Come distinguere i “colori” dei nostri fieri amici equini?


Ecco un interessantissimo articolo, in lingua inglese, che ci fornisce tante utili ed interessantissime informazioni su come riconoscere il colore del nostro equino!

Before starting colours, you need to know some basic terminology.

  • Points: This is referring to the the ears, lower legs, and mane and tail.
  • Mane and Tail: These are the pieces of tufter hair that progress from a horse’s spine and his neck and forehead.
  • White leg markings: These are situated on the leg regions and include: Coronet band (very close to the hoof), white heel (very close to the heel, but situated near the cadual wall), sock (comes right above the pastern), half stocking (comes halfway between the pastern and knee),stocking (touches or above the knee), irregular stocking (stocking that only part of it is above the knee and the other is below it), ermine (irregular dark patches near the hoof inside white markings) and pastern (comes just to the pastern).
  • Facial markings: These are situated on the head and forehead and include:
    • Star (little mark on forehead)
    • Snip (little mark on muzzle)
    • Blaze (Wide stripe of white down the front of the face)
    • Stripe (Very thin stripe of white down the front of the face)
    • Bald/white face (Very wide blaze that goes includes the horses eyes)
  • Eye colours: To help tell the different colours apart, though not common, these names may appear: Eye wall, blue eye, teal eye, glass eye, white sclera. Horses can have blue, brown, green, hazel, gold, and red eyes.
  • Other important features of a horse’s colour include: Spots, patches, predominant and base coat

Learn the next features. Within each subcategory, there are mixtures and variations. Here are some colour and distinguishing points:

  • Two bay horses pulling a carriageBay: A bay horse is a brown to red in color. Bays have black points, (ears, flank, knees and hocks). Their mane, tail and forelock are black. Their are many types of bay; there is light bay (where the base is a very light color), blood bay (where the base is a very red color) and mahogany bay (where the coat has a purple tinge, usually sooty and more brown), sandy bay (where the base is only brown, no red tinge), golden bay (where the base coat takes on a yellow color), and primitive bay (the black markings are very faint, and the horse usually has obvious pangare characteristics).
  • This little chestnut colt is a pure chestnut, no taffy colouring at all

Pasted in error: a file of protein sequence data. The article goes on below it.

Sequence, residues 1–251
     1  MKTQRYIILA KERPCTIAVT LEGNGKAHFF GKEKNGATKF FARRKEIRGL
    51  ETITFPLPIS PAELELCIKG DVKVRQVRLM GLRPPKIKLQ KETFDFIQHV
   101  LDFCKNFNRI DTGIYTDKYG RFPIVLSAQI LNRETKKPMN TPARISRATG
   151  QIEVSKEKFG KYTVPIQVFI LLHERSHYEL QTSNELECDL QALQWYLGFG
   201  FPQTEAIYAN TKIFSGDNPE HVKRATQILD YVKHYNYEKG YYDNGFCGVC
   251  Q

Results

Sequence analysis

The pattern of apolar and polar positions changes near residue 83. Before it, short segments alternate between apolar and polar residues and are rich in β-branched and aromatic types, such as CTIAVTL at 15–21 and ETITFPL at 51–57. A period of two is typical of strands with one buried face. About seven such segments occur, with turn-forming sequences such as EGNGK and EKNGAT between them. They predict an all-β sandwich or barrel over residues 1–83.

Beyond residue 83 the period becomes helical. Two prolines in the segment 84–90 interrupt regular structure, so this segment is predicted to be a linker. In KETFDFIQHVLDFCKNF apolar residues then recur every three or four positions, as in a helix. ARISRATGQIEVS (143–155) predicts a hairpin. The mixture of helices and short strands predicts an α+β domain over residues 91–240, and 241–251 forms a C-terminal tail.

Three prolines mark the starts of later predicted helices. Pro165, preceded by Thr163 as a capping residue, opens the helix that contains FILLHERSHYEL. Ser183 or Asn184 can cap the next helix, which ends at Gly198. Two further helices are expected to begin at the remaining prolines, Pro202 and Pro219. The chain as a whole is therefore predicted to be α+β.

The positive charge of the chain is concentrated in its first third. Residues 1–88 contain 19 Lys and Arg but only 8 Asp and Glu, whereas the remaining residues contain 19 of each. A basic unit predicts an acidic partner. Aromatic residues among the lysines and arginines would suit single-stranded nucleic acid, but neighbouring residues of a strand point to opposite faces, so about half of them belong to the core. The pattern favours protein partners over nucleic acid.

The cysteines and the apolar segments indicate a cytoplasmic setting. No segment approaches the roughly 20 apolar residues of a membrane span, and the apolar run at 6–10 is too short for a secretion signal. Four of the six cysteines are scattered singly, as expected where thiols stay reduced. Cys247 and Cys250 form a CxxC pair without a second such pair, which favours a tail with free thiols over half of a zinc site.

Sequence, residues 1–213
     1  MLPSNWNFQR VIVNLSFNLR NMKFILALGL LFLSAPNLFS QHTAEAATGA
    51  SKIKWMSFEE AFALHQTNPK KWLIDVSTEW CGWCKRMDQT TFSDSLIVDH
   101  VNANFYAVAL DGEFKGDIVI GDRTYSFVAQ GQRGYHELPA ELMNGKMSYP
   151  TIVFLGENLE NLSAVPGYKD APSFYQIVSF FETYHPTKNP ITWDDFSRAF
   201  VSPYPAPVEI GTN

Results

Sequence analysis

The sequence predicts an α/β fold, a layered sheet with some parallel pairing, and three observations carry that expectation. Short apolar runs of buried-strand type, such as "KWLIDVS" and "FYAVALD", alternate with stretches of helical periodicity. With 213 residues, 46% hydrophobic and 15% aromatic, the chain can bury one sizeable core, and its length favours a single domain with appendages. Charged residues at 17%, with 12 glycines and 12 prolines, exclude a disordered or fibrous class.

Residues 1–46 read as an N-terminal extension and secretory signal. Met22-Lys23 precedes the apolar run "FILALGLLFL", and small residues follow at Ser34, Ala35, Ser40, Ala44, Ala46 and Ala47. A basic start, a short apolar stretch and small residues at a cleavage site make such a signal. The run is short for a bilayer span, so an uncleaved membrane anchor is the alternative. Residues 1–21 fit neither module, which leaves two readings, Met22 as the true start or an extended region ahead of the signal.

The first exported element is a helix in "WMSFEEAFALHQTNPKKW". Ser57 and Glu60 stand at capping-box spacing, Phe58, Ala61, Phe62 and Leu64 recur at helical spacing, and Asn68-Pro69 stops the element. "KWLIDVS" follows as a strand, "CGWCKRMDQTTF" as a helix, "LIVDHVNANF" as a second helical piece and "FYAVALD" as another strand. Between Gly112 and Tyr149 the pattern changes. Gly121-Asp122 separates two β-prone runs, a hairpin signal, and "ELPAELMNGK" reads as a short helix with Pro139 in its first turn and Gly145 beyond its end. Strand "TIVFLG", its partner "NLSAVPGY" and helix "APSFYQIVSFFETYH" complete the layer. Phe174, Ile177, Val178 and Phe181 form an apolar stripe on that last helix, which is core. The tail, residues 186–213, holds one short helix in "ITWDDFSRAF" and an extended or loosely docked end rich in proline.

This little chestnut colt is a pure chestnut, no taffy colouring at all

    Chestnut or Sorrel: Chestnut or Sorrel is defined as a horse with no black hairs. Chestnut is a dark red horse. Very dark chestnuts are called Liver chestnuts. Sorrels are more brightly colored, with a lighter coat color. For either, the mane/tail should be the same color as the body. Either color with flaxen mane and tails should have “Flaxen” put in front of the name. Sorrels are often flaxen.

  • A dark chestnut color with a flaxen mane and tailLiver Chestnut: They are a dark chestnut red-brown colour, appearing to have black in their coat – but they do not. The individual hairs are just very dark red. These horses can also have a flaxen or taffy mane and tail.
  • A black pony
  • Black: There is no other color on the horse except black; all points and hairs are black (except for any white markings). Mane and Tail are black. There are a few types of black; Pitch or Raven black, which never fades – Black, which fades in the sun – and smokey black, where the horse looks black at a distance, but closer the horse has a brown tinge.
  • A grey horse

    A grey horse

    Grey or White grey: These horses may look white, but they are not. Their skin is dark and they have dark pigmentation around their eyes, ears and nose. They are born another color, and fade progressively with age.

  • A dapple grey horseAn 'inverted' dapple grey

    Dapple Grey: These horses are still grey, but have ‘dapples’. Dapples are little lighter or darker spots. A normal dapple grey is grey with lighter spots; however an ‘inverted’ dapple grey is grey with darker spots. Dapple greys can be very light and very dark.

A 'fleabitten' grey

  • Steel Grey: This color is when a horse is dark grey, usually with slightly darker points. They have no dappling.
  • Fleabitten Grey: It looks like it sounds — imagine a horse that has been bitten by fleas. It looks like it has tiny black, brown, or red spots about the size of a few pinheads. Their mane and tail will be grey or white and there will often be variations of these colours by way of shades.
  • Rose Grey: A chestnut horse that has turned grey. They have a purple, red, or brown tinge to their coats throughout the greying process. They can have dapples. Their manes are darker than the coat color.